Del Monte Fresh Produce has withdrawn its threatened lawsuit against the Oregon Public Health Division and its senior epidemiologist, who with other public health officials last year traced a multistate outbreak of Salmonella infection to cantaloupes imported from the company’s Asuncion Mita farm in Guatemala.
The news was reported by Lynne Terry of The Oregonian. She wrote that Del Monte Fresh Produce notified the state earlier this month that it would not go forward with legal action against William Keene and his department.
Del Monte Fresh Produce had announced its threat in a news release in August, claiming that “misleading allegations” had been made in naming the Guatemalan cantaloupes as the likely source of Salmonella infection that sickened at least 20 people, and sent three to the hospital. The case patients were from Arizona, California, Colorado, Maryland, Montana, Nebraska, Oregon, Pennsylvania, Utah and Washington.
Twelve of 16 ill people had reported eating cantaloupe in the week before they became ill, according to a Centers for Disease Control and Prevention report on the outbreak investigation. Eleven of those 12 people had purchased cantaloupes from eight different Costco stores and traceback information indicated the melons were from a single farm — Asuncion Mita in Guatemala.
Del Monte Fresh Produce voluntarily recalled the Guatemalan cantaloupes on March 22, 2011 after it was notified of the epidemiological link between the melons the outbreak of Salmonella Panama infection.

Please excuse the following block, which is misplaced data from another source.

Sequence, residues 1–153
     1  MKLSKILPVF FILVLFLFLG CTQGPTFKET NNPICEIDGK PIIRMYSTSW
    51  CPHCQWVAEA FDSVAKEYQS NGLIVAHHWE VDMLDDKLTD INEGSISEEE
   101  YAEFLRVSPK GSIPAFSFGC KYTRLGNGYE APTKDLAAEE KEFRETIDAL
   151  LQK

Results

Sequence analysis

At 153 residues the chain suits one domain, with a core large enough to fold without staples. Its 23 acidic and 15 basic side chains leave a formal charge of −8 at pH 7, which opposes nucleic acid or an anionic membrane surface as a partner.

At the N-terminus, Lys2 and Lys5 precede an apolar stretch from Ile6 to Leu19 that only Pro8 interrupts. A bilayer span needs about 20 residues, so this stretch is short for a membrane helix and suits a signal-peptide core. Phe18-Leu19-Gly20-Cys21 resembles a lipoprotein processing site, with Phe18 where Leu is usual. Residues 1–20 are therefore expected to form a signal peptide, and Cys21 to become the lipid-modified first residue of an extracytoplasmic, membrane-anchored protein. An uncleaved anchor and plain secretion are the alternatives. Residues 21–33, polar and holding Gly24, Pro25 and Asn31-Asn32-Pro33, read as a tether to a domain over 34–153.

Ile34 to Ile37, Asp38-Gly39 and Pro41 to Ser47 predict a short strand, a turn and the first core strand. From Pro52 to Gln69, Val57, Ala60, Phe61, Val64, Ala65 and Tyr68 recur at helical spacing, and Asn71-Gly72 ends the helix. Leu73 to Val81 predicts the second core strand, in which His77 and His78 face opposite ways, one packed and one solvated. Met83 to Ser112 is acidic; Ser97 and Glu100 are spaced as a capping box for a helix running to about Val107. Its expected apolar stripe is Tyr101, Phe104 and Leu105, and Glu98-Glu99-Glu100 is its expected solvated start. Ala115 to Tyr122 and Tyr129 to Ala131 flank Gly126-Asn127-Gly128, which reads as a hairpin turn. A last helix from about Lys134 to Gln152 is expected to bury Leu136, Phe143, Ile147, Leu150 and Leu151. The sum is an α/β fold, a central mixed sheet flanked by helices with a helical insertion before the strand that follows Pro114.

But when the Food and Drug Administration banned further cantaloupe imports from the company’s Guatemalan farm, Del Monte Fresh Produce sued the FDA and got it to back down on the import alert. It also claimed it was wrongly blamed for the outbreak.
Food safety experts and consumer activists predicted the case targeting Oregon Public Health — recognized for its food safety leadership — would not go far, but said they saw the complaint filed by Del Monte Fresh Produce as an attempt to intimidate public health programs across the country.
Dr. Katrina Hedberg, Oregon state epidemiologist, told The Oregonian that dealing with the tort claim had been time-consuming, so it was a relief when it was withdrawn and they could resume focusing on their job — protecting the public’s health.
The claim was unprecedented, Terry noted:
State epidemiologists investigate dozens of foodborne illness outbreaks every year and name the culprits to prevent more people from getting sick. No other company has ever filed a suit or threatened to sue Oregon over one of those investigations.
“There have been lots of outbreaks,” Hedberg said. “Why some companies choose to work with public health and others want to fight it — I can’t answer that.”
A Del Monte Fresh Produce spokesman declined to comment, telling Terry the company “does not comment on ongoing or closed investigations.”